No, I have not sold my soul

Does your money match your mouth?

[AUTHOR’S NOTE]: I have edited this article and improved it as No, I have not sold my soul, v2 (originally on my site).

This is true despite the fact that I am moving my websites (including this one) away from OVHcloud and/or self-hosting, including a shift to using Microsoft 365. Some of you will never believe that and not accept what I have to say about it, but for me it’s the right decision. Some think of proprietary companies as akin to ’the devil’ or some global conspiracy, but the reality is that the reason open source and non-profit companies are not who provide most services for most people is that people don’t put their money where their mouth is.

Open source and non-profit companies depend heavily on people contributing to the software or organization, and most people, even those who benefit from the software or service don’t. That means doing open source or non-profit for a living often leaves one with ‘starving artist’ syndrome, where one is doing potentially important, historically famous (although the majority of projects/artists do not fit that category) work and be struggling to have money for food and shelter. Proprietary companies on the other hand usually pay their employees well enough that the employee’s concerns are not those of ‘bare survival’.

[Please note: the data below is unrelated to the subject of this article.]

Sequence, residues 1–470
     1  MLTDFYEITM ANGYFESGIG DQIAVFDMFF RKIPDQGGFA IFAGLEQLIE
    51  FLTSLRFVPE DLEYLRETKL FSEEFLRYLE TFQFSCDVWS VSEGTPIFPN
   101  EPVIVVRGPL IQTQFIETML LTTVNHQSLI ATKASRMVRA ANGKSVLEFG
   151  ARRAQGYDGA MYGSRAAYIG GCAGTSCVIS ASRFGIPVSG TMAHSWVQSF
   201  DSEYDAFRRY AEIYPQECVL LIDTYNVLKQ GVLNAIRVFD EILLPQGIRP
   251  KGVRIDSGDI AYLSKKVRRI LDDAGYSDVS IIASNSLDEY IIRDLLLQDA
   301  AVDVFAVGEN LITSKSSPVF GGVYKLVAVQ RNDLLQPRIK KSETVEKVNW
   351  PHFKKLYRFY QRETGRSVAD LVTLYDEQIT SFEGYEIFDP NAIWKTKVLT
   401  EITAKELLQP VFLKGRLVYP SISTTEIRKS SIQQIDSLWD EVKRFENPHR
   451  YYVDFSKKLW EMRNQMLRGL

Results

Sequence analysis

You may have noticed that this site has moved to Netlify, which is a very cool static web hosting company. It is also proprietary (although friendly to open source, unlike some proprietary companies). That is for two reasons.

  1. Self-hosting my sites and infrastructure was a huge time sink, and not cheap.
  2. I had become extremely frustrated with the ‘customer service’ / ’tech support’ at OVH and finally decided to move everything away from them. I could have done some other self-hosting option but my research didn’t turn up anything in Canada that I felt was likely to remain in business and had good customer service, based on user reports in various locations.

BTW, a common feature of ‘cloud’ provided services, especially for hosting seems to terrible (or no) customer service. Ditching customer service is probably one of the main reasons the FAANGs are so profitable. If something is free or too inexpensive something has had to give (not mention the whole data thing). Such is postmodern life I guess—actual service has to compete with ‘free’ services that have no customer service.

Anyway, besides drifting off topic, I have some projects I plan on working on as soon as I complete the transition away from self-hosting. Not having to constantly deal with distractions from things that aren’t my core goals ought to help a lot.

My core values have not changed, I just understand better that the stories about who is evil and who is good are not all true, and I’ve chosen to concentrate my efforts more effectively.